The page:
What’s next? Well, society isn’t ‘chaotic’ in any formal sense of the term. But functionally it is, from your point of view. In terms of cause and effect, you don’t even know if you have any levers available to pull or buttons to push, let alone what effects they could create. And you don’t know how the world is going to look in a week’s time, let alone a year’s time.

Business planning often revolves around identifying a goal, scanning the environment to assess your strengths and weakness, and for opportunities and threats. Then you identify ‘unknowns’ and seek to find out more about them, so you can set up contingency plans and mitigation plans.

But often this process falls at the first hurdle, because you can’t positively identify how or when something you think of as a strength might become a weakness, or vice versa; you may not be able to determine whether something is an opportunity or a threat (or both), and you can be pretty sure that whatever contingency plans you have, the contingency that actually arises will be one that won’t be covered.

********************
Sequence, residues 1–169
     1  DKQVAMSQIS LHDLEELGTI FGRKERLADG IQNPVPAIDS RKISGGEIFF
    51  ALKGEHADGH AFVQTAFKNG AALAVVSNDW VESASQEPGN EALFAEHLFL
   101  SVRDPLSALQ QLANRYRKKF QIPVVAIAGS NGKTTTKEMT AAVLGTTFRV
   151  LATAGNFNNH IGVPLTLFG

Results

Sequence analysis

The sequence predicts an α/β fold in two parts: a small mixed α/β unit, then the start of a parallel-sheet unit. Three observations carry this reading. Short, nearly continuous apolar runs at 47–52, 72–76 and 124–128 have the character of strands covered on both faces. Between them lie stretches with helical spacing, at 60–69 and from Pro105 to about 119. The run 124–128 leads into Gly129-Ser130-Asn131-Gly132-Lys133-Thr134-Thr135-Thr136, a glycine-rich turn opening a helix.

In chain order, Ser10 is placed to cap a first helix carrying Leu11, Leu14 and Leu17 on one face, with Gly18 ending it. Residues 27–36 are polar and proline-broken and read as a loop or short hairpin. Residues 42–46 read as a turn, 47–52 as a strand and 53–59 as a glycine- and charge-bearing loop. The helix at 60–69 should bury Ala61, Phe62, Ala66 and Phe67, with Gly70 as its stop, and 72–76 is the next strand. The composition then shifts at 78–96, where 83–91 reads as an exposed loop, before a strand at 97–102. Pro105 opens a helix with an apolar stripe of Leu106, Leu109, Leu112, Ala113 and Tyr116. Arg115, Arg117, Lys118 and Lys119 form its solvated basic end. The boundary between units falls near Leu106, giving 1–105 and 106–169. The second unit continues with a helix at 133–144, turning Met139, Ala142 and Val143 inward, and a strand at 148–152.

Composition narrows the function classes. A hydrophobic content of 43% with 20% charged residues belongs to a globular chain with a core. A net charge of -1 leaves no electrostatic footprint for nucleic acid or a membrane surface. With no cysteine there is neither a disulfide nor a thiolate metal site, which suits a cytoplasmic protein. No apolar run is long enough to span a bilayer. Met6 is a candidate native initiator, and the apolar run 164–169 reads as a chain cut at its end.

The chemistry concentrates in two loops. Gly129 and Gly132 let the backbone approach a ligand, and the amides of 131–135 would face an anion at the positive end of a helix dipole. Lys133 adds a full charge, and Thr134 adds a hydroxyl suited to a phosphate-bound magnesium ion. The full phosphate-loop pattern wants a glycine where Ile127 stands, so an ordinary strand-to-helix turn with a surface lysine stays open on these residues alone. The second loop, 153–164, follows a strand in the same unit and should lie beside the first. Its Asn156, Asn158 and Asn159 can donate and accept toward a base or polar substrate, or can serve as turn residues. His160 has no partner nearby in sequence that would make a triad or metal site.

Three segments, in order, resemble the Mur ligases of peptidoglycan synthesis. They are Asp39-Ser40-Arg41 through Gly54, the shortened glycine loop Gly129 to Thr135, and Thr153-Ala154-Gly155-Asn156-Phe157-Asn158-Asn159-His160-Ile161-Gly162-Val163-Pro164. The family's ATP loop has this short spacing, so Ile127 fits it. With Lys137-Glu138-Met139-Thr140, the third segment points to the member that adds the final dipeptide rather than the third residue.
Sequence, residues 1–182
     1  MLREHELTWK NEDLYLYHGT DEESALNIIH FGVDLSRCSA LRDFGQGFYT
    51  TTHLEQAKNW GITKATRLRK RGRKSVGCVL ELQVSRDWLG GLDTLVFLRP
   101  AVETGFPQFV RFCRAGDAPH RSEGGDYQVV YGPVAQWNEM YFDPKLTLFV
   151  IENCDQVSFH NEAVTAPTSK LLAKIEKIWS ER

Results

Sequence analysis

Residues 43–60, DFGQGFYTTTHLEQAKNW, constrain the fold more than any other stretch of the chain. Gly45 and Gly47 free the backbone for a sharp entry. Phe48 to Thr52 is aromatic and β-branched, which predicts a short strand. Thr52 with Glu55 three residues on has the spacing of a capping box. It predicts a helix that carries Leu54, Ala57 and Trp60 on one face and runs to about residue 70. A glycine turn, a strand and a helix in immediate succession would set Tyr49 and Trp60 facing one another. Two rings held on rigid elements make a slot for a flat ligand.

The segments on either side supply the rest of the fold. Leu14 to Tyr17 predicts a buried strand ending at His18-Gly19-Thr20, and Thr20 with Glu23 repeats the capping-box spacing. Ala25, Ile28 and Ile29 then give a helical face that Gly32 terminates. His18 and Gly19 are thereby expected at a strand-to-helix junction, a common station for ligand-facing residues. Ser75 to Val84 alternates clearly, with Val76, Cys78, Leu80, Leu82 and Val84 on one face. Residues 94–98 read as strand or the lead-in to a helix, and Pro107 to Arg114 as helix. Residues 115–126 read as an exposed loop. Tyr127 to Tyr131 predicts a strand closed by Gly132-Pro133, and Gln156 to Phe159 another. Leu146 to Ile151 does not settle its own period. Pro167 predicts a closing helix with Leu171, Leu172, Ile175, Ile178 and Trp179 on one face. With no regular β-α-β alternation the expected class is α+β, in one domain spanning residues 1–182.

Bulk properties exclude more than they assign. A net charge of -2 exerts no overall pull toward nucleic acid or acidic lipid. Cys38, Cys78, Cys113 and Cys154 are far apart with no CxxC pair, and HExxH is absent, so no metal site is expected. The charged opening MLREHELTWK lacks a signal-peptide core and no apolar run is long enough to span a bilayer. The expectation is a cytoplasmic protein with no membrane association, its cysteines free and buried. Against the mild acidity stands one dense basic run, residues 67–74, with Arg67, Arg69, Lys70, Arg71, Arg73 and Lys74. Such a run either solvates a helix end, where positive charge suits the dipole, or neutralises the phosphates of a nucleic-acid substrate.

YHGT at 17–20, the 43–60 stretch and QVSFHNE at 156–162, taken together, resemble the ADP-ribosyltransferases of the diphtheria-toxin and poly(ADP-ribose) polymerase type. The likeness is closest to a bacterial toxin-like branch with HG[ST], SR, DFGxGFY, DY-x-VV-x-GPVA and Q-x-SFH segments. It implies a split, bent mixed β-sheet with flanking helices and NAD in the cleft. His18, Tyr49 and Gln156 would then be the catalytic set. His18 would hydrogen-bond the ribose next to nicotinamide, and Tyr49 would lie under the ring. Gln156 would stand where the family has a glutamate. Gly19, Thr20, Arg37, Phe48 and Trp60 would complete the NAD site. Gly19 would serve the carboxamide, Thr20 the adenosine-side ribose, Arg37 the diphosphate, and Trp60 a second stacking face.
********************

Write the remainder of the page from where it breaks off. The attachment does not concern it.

For example, how many businesses have planned for the impact of contact with an alien species? And yet if you look at the World Economic Forum 2013 report on global risks, which summarises the views of over 1,000 risk analysis experts, it identifies several ‘X factors’ – important risks with unknown consequences. They include runaway climate change, significant cognitive enhancement, rogue deployment of geoengineering, the costs of living longer and the discovery of alien life forms. None of these things can be ‘risk managed’ or mitigated by any organisation operating alone, and I wonder how many religious leaders have seriously considered what their stance would be on first contact with an alien race, and how they would advise their followers and how their followers would react – and what the global consequences of the religious issues alone would be.

Under these circumstances, how is it possible to make chaos work for you? The short answer is that you can’t, in any direct way. But you can learn how to enjoy the ride.

[There’s more after the break – just hit the button below]